(When statements are "edge-triggered", meaning that this job will only run when the load goes from under 6 to ≥ 6).

The motivation is building things from git automatically. Here is another job script:

Every 10 minutes, get the latest tagged version from the git repository. The variable ‘version’ will be set to something like “v1.2.3”, “v1.2.4”, etc over time as new releases get tagged.

every 10 minutes :
  cd /my/git/repo
  tag=`git-describe --tags`
  whenjobs --set version $tag

When the ‘version’ variable changes (ie. a new release is tagged) try to build it. ‘changes’ is a function that compares the previous value of a variable from when this job last ran with the current value of a variable, and returns true if the previous and current values are different.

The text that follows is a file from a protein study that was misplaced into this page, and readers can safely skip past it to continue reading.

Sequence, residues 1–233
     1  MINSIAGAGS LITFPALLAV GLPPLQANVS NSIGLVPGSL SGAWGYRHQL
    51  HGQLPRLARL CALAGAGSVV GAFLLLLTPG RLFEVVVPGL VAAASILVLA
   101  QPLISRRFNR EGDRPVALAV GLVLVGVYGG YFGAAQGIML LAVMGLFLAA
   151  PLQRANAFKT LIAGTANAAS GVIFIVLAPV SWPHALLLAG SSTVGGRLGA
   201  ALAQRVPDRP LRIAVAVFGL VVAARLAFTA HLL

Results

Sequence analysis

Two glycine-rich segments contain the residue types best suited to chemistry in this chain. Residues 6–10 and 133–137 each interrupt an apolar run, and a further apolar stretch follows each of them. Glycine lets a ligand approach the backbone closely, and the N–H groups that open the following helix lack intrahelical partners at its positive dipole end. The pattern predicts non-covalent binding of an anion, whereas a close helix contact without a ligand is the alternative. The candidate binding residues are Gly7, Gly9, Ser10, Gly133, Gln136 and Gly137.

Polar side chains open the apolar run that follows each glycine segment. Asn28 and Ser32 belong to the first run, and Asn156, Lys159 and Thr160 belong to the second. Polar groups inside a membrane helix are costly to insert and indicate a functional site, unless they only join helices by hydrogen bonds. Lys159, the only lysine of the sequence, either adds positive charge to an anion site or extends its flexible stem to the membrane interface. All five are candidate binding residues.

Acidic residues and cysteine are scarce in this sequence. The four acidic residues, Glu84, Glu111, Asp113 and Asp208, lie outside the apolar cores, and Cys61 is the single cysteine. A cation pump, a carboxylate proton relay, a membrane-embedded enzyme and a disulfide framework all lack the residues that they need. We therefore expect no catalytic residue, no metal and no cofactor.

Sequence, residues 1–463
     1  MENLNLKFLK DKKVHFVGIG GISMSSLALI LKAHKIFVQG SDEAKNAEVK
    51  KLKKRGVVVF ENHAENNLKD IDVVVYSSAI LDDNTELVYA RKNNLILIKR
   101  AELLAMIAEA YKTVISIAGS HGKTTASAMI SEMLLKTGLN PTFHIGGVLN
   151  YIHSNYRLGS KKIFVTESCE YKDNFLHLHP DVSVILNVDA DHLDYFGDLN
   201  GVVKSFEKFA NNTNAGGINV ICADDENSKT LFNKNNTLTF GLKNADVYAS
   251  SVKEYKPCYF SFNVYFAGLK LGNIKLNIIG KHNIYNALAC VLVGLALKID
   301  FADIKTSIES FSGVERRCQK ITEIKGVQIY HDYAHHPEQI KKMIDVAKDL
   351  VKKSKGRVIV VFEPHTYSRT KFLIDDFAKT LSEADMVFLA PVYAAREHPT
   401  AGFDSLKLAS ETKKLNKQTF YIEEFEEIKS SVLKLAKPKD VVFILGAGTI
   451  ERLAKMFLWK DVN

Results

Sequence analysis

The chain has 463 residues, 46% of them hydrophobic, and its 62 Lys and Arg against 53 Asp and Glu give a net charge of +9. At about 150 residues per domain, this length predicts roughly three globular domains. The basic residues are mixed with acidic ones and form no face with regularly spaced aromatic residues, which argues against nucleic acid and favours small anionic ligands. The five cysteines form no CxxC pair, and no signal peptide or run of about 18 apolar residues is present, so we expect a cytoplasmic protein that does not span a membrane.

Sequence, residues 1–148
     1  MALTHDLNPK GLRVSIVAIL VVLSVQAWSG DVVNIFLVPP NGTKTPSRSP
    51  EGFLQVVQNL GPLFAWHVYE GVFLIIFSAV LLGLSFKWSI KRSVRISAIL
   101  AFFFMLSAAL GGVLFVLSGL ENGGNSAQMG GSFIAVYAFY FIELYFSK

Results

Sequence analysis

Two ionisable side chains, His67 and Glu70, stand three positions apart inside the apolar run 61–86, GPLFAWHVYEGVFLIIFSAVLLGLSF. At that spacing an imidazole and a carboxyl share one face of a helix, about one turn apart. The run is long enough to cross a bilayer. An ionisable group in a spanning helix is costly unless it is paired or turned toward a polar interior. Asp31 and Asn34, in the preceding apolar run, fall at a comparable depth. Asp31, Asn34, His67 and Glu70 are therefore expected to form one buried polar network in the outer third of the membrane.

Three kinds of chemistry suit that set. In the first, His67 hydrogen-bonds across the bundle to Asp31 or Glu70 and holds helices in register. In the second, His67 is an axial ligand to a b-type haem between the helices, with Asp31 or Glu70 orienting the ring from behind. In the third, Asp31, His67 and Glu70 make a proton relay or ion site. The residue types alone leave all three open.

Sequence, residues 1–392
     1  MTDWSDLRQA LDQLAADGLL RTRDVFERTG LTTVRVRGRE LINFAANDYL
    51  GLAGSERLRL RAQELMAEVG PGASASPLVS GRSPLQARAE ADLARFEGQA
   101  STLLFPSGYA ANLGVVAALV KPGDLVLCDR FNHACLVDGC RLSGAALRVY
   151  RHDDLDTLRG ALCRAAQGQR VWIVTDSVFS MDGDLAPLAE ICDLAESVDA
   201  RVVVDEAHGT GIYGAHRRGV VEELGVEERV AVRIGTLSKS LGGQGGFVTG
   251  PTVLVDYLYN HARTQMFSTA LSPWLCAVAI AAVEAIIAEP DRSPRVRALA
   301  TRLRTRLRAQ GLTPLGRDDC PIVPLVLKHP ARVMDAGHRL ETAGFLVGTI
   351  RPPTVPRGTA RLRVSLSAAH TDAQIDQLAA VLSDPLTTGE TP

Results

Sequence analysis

when changes version :
  cd /my/git/buildrepo
  git pull
  git reset --hard $version
  make clean all check dist
  whenjobs --set successful_local_build $version

In parallel, build on a remote machine.

when changes version :
  ssh remote ./do_build $version
  whenjobs --set successful_remote_build $version

Only when the new release has been successfully built on local and remote, upload it to the website.

when successful_local_build == version &&
     successful_remote_build == version :
  cd /my/git/buildrepo
  curl -T name-$success.tar.gz ftp://ftp.example.com/upload/


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What can affect a process?

I’ve been following an interesting thread on fedora-devel which set me thinking. What is the complete list of different things that can affect the way your process runs?

Here’s my list below. If you have any other ideas, post a comment and I’ll keep this list updated.